If you find yourself wearing multiple hats, I recommend establishing a professional rate and an administrative rate. Therefore if you know 20-30 hours of your week are spent on production work and 10 are spent in business management and administrative duties, you should base your break even rate on that assumption. It will most likely mean your professional rate may increase to compensate for the administrative hours being spent. Those hours are afterall an opportunity cost as you cannot spend them producing new deliverables for clients or accruing your higher paying professional rate if you are busy with admin tasks.

Con #1: Trading Dollars for Hours

I’ve already hammered this point home enough, but for posterity’s sake, here it is, one more time:

“As a business owner you will quickly learn that time is your most valuable commodity.”

There are only so many hours in the day and you must learn to monetize as many of them as possible. When your work requires you to be present and revenue is tied directly to the time spent working on a project or task, those become hours you cannot spend doing something else. You really cannot be in two places at once and therefore the only ways to earn more would be to increase your rate or work more hours. Another option to avoid this dilemma would be to hire more employees to further increase the number of billable hours you can charge since you and an employee could both be accruing billable time simultaneously. While that might seem like a solution it is only a temporary fix because once again you are limited to the number of hours you and now, your employees are contributing.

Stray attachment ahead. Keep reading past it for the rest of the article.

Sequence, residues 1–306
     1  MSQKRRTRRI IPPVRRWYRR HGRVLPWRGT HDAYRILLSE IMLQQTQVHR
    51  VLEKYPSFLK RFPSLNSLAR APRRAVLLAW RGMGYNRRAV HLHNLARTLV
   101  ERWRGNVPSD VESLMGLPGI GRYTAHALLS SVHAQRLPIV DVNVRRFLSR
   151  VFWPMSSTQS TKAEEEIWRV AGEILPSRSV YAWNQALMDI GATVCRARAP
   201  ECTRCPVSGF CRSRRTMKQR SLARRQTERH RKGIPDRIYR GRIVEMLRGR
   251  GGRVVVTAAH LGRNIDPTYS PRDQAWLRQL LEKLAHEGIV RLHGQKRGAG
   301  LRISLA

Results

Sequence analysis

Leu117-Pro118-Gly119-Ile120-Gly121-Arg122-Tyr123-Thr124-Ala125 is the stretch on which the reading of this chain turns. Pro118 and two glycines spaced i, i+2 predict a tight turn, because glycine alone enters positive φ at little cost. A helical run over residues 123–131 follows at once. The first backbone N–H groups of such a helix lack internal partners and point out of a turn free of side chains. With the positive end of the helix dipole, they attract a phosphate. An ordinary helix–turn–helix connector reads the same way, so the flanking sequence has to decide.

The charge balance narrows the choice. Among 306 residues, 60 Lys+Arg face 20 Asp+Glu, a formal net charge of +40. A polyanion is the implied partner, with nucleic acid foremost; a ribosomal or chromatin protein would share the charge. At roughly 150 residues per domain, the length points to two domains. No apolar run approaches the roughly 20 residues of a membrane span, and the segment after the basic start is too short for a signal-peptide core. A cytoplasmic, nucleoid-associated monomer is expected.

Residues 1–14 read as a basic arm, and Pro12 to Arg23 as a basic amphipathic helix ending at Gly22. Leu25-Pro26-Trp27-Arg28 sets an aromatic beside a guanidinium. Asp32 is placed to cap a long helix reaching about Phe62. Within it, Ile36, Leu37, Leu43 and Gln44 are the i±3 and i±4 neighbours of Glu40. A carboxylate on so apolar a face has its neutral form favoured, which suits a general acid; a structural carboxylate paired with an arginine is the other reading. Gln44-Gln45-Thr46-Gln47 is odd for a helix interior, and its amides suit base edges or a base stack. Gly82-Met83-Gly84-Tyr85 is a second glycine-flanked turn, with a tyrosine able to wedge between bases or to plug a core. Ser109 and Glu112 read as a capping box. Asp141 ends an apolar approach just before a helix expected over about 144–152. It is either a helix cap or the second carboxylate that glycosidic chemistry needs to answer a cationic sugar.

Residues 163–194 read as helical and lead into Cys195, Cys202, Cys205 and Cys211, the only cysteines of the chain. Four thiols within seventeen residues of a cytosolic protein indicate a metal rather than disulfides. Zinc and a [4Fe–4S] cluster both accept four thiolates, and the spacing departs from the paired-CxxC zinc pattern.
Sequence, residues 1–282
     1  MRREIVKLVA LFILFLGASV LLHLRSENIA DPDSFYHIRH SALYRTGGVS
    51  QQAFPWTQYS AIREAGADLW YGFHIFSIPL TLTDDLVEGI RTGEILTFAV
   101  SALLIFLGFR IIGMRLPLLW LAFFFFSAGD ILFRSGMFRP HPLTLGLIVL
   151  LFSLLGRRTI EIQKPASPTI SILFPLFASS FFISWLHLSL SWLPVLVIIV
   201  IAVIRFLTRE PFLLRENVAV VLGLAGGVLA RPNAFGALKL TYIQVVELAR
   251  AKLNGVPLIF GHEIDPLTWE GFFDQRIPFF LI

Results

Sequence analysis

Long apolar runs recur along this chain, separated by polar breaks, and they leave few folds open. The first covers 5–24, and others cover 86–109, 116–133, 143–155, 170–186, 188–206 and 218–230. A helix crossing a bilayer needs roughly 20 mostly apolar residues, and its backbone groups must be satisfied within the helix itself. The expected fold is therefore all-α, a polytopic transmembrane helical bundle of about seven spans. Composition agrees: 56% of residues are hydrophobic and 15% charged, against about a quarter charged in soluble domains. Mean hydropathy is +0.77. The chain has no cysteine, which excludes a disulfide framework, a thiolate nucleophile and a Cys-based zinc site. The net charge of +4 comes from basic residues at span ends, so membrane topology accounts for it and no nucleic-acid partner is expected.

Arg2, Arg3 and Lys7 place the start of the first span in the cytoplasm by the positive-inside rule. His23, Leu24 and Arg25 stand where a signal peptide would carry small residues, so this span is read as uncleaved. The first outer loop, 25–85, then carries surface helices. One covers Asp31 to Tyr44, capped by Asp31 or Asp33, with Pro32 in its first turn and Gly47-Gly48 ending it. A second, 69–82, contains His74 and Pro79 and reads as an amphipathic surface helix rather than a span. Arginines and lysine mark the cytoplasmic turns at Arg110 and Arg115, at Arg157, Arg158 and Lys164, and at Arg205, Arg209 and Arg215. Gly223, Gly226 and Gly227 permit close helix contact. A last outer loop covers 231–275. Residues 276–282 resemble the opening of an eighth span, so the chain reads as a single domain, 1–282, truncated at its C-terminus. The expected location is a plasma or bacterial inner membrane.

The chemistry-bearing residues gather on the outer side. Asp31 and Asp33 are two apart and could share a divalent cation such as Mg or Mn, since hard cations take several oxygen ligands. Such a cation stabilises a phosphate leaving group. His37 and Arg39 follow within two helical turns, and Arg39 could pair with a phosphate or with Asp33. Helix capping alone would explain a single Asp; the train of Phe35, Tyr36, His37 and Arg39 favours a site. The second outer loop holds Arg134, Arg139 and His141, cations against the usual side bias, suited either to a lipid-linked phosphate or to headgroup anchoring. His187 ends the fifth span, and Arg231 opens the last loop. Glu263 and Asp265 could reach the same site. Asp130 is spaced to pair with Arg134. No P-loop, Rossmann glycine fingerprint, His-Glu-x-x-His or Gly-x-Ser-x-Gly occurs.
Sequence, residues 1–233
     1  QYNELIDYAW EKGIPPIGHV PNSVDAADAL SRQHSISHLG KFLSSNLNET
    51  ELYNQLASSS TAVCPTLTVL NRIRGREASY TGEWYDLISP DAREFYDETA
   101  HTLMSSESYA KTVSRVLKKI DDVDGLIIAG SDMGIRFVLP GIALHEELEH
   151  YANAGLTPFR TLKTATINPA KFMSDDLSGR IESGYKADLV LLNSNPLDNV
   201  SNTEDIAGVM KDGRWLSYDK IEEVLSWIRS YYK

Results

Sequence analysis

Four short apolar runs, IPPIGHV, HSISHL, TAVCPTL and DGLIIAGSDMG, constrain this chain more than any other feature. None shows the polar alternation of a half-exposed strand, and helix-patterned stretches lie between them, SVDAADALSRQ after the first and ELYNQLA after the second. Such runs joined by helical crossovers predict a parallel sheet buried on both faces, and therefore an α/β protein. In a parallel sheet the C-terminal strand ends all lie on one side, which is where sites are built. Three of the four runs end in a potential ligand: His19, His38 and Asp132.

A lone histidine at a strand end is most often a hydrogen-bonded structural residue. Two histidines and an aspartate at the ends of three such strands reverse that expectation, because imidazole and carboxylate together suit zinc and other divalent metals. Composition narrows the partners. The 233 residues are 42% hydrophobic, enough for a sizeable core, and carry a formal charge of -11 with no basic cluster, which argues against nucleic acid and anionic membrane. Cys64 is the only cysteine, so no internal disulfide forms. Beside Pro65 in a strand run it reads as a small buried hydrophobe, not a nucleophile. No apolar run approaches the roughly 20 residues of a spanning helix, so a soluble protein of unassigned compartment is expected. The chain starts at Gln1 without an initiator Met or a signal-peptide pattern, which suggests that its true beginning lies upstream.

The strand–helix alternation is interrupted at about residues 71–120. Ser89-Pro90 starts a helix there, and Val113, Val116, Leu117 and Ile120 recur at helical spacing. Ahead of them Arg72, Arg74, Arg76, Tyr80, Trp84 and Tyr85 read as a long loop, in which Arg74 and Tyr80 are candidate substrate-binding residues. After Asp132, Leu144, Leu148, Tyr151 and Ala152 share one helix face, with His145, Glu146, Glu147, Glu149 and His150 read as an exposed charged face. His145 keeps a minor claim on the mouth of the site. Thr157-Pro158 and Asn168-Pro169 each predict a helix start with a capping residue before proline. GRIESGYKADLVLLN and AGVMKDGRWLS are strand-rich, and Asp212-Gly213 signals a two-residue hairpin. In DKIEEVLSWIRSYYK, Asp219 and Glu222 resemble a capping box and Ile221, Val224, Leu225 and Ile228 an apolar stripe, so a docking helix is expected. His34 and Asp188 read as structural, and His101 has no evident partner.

Also, when trading dollars for hours there is always going to be a price ceiling.

Here is a good real world scenario:

Pretend for a moment that I own a CrossFit Gym. It’s a business model I’m familiar with as I spend 4-5 days a week in my local CrossFit box. So if I’m playing the owner, there are only so many athletes which can be in the gym at any given time (average class size is 10-15 athletes), classes run an hour, and the gym can only be open a set number of hours per day. Due to the limit on the number of athletes who can access the gym at one one particular time as well as the number of hours it makes sense to be open, profit is limited by these two factors.

Unless I increase the cost of membership, invest in a larger facility that accommodates more athletes, or increase the hours the gym stays open (which in and of itself doesn’t guarantee more profit) I am limited in growth potential.